How to Decorate Your Garden with Large Structures

Even a small garden will benefit from some sort of decorative structure, whether it be a tiny summerhouse that doubles in winter as a storage room, or a pretty arch framing an entrance.

Classical statues are generally more suited to grand formal gardens than family gardens, although clever positioning can vastly improve the appearance of it mass-produced statuette. Reconstituted stone or cement lions, for example, given a few coats of natural yoghurt or liquid manure to speed up the ageing process and concealed in the midst of a leafy border can look quite dramatic.

Not many people can stretch to a piece of original sculpture for the garden, but you can elevate found objects, such as an interestingly shaped piece of driftwood, stone or shell, into pieces of art by placing them on a home-made brick or sawn timber plinth, chimney pot or upturned length of clay pipe.

Choose your setting carefully. The intersection of two pathways, the end of a series of arches or a backdrop of a dark dense hedge will show off your chosen object to the full.

garden decoration How to Decorate Your Garden with Large Structures

Old garden implements, such as a rusted roller or old-fashioned wheel barrow make exceedingly good decorative features. The rule is that nothing must look contrived, however contrived it may actually be.

Sundials are pretty features that children adore. As they follow the changing shadows on the dial they will not only chart the progress of the sun across the sky, but learn to tell the time.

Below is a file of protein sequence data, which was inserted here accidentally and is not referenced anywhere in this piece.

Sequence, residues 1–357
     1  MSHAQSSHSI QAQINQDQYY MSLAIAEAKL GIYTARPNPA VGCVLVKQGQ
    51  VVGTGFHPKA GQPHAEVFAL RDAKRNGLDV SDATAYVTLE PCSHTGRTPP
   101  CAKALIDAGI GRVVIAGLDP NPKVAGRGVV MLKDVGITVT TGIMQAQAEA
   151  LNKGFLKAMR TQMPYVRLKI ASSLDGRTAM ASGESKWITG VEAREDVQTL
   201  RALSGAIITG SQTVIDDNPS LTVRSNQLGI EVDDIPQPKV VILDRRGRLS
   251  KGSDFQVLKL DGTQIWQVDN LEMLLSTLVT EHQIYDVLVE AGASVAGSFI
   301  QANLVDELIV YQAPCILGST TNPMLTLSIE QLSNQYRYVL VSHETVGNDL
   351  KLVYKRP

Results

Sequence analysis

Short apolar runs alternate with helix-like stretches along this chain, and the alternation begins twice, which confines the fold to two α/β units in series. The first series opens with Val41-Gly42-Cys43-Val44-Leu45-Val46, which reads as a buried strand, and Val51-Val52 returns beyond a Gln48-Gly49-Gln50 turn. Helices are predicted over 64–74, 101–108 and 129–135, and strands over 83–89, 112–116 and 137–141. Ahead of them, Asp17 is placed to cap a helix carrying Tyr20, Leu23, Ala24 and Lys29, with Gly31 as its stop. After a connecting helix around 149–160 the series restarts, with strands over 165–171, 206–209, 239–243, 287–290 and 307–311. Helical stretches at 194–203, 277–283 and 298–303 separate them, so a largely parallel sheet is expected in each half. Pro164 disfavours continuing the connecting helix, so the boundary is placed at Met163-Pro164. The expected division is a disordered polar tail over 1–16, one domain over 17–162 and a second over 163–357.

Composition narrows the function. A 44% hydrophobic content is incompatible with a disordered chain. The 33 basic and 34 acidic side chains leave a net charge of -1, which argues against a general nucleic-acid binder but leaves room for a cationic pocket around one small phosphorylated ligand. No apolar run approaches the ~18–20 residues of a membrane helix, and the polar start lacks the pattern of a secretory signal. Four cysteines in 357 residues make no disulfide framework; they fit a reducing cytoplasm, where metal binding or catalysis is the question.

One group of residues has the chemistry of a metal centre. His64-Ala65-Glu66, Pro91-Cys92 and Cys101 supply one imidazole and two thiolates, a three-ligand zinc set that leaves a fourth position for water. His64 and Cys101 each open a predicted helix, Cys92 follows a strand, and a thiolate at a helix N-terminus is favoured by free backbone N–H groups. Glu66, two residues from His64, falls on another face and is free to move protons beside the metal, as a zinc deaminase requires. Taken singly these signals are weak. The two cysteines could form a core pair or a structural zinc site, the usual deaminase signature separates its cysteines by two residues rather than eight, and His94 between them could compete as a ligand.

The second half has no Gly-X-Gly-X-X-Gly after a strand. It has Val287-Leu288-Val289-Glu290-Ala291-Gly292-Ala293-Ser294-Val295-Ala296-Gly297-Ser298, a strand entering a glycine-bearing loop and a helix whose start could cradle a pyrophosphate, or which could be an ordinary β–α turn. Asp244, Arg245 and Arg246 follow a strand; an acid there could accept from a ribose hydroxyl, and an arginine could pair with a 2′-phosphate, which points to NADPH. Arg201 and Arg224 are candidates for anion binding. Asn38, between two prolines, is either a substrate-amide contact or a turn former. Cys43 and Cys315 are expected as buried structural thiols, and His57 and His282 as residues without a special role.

An effective way to liven up a border is to add vertical interest with obelisks made either of trellis or metalwork. It is a relatively simple matter to make an obelisk from four uprights and pieces of trellis, topped with a finial; however metal ones are also available in flat packs, with pieces which easily slot together. Train some colourful climbers up your obelisk and you have a smart focal point.

Transform a simple seat into a place of beauty and calm by surrounding it with a bower. Or provide welcome shade from the sun by erecting a beamed wooden arbour over a patio and using it as an attractive support upon which to train scented climbers and vines. Construct a pergola and smother it with roses and honeysuckle and you will not be able to resist wandering through it, breathing in the delicious fragrances.

A piece of topiary is always eve-catching. Experiment with simple shapes, such as balls and domes, before attempting anything more complicated such as a spiral or an animal. It is very easy to clip a pyramid shape with the help of a frame or to create a piece of false topiary. Any dense shrub such as holly, yew, box, viburnum, or sweet bay lonicera is ideal to work with.

Summerhouses and gazebos are more serious structures, yet need not be ruinously expensive. Carefully placed, painted or colour-stained and clothed with clematis and jasmine, the humblest prefabricated building becomes irresistibly romantic.

These are features for all the family to use. For adults a gazebo or summerhouse makes the most perfect spot for relaxing with afternoon tea or an evening drink, and children will treat it as a rather exotic and grand playhouse.

For a truly original feature let your imagination run riot and create a grotto. This is an excellent project for all the family, as even the littlest child can make a contribution to its decoration. Choose your darkest corner and build a rough brick or stone semicircular wall. Fit a wall mask fountain (a gargoyle s head would be ideal) then give the wall a coating of cement and call in the family to dress it up by pressing shells, coloured pebbles and pieces of mosaics into the wet cement. Plant dark green ivy to climb over the grotto and surround it with a selection of ferns.


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